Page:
Transport for the North will be calling on the government to fund improvements to crucial freight routes and motorways in the region as part of its plans to further boost northern connectivity.
TfN chief executive David Brown told Construction News the next priority for the organisation would be to secure funding to improve freight lines to the North’s biggest ports, as well as developing more detailed improvement plans for the region’s motorways.
Mr Brown identified road and rail links to Humber Port, Teesport and Liverpool’s main freight port as areas in need of significant work.
He also indicated the organisation would be looking at new schemes to improve the North’s motorway network, in addition to the roads projects that have already secured funding from the Treasury.
Mr Brown said: “We have got funding for the big-ticket items but now we are looking at smaller schemes across the North that might be significant in sub-regional terms but not necessarily pan-northern, such as connections to freight ports.”
The comments come following the news that chancellor George Osborne would pledge more than £296m to the development of transport projects in the North in today’s Budget.
This includes £60m to kick-start HS3, £75m for the £6bn TransPennine tunnel linking Manchester to Sheffield and £161m to accelerate upgrades to the M62 outside Manchester.
Mr Brown said the money “would be enough to keep them going” but the organisation would continue to work to try to secure more funding for future projects throughout the year.
“It is a good step forward,” Mr Brown said. “But we are an ambitious organisation and we want to make sure we have a strong pipeline of schemes coming through.”
Mace chief operating officer for infrastructure Jason Millett agreed that the Budget commitment was a “good start”, but urged more spending from the government, particularly on transport outside the North’s biggest cities.
He told Construction News: “It’s not just about Leeds, Manchester and Sheffield; it’s about connections to ports and businesses in smaller towns and cities that sometimes get lost as a result of these big city announcements.”
He said the government’s backing of major projects helped give the supply chain greater visibility for the future.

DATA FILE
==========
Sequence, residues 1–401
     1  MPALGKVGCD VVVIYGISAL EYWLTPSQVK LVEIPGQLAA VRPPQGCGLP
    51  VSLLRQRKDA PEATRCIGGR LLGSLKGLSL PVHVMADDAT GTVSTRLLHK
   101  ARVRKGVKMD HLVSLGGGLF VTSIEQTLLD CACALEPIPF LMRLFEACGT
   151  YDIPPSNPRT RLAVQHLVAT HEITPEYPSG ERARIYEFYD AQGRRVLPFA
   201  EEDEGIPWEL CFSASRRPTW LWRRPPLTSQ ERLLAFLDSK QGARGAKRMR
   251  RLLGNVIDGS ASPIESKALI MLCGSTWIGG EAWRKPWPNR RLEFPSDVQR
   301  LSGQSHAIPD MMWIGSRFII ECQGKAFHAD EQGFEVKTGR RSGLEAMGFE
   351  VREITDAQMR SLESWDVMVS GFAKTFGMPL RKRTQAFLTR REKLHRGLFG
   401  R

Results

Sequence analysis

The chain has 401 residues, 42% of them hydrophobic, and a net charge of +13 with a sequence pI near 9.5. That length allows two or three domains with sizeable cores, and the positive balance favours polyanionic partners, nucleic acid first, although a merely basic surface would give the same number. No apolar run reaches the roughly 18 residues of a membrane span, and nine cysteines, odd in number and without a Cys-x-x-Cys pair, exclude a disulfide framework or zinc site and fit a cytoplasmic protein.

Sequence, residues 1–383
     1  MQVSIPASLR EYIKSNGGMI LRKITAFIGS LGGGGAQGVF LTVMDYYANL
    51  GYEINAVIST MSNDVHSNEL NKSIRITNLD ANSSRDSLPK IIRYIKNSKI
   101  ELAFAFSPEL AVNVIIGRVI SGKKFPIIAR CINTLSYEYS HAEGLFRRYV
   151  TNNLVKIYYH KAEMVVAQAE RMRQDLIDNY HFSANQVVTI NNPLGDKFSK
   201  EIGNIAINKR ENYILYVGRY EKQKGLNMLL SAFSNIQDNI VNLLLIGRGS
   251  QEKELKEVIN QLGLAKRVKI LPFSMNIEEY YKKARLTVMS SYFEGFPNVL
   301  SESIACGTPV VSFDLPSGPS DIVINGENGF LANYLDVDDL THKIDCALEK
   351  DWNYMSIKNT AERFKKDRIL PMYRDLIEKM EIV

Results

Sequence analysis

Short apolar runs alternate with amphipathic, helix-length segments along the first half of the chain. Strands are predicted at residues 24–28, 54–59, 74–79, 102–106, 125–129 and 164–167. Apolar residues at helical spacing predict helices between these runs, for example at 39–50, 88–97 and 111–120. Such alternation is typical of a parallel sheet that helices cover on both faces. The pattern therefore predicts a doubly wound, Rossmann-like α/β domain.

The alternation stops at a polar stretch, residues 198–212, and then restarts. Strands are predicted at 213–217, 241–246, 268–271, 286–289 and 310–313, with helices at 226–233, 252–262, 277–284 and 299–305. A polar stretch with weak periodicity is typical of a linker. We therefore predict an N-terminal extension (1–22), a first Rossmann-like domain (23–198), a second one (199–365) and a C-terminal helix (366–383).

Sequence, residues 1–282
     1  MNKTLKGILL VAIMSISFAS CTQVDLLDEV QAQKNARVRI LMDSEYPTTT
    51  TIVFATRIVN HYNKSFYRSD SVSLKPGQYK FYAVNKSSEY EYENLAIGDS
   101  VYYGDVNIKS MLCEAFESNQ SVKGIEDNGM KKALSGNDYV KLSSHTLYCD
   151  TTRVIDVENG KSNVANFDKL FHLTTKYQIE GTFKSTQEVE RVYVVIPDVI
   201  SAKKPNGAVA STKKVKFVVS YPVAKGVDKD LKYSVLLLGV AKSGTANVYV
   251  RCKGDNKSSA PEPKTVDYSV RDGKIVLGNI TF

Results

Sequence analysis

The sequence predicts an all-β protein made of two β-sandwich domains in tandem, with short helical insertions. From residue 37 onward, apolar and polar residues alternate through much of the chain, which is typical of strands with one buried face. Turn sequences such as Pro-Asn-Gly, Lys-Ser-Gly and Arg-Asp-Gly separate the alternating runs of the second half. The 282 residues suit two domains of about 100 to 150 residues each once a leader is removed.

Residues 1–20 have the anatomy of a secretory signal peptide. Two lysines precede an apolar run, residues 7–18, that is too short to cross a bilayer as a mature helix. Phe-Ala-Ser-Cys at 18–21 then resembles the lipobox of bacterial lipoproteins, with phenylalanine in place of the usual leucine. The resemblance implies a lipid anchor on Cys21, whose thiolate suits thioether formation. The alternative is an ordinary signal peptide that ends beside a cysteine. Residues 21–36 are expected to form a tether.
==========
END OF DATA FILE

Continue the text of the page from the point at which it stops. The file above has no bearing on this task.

Mr Millett, whose firm is currently working on the TransPennine tunnel’s feasibility study, said: “It is no secret that all contractors like visibility and announcements like this allow us to plan for the future in terms of graduate and staff numbers and our research and development spend.”
Richard Green, director of the Northern Powerhouse team at Aecom, welcomed the announcement from the chancellor but warned that the government could not deliver projects without foreign investment.
He said: “The combination of immediate incremental improvements with transformational projects such HS3 is the right approach, but the importance of access to the great city centres of the North must not be overlooked.
“But funding this scale of transformation requires looking beyond the UK public purse. Foreign direct investment will be vital to bringing these projects to fruition quickly.”
Richard Threlfall, who chairs the Institution of Civil Engineers’ Northern Powerhouse panel, said that while the news was encouraging, more ambition needed to be shown.
Mr Threlfall said: “The vision for the North as an economic powerhouse is gaining momentum and TfN has helpfully now set out a timetable for its initiatives, albeit in nearly all cases we won’t see any impact on the ground until after 2020.
“The collaborative development of the strategy – with the National Infrastructure Commission and others – is encouraging, and this ethos should continue.
“But we would like to see more ambition, embracing concepts such as an entirely new east-west road and rail corridors from Liverpool to Hull.
“Only through bold thinking, translated into bold investment, will we unlock the full potential of the Northern Powerhouse.”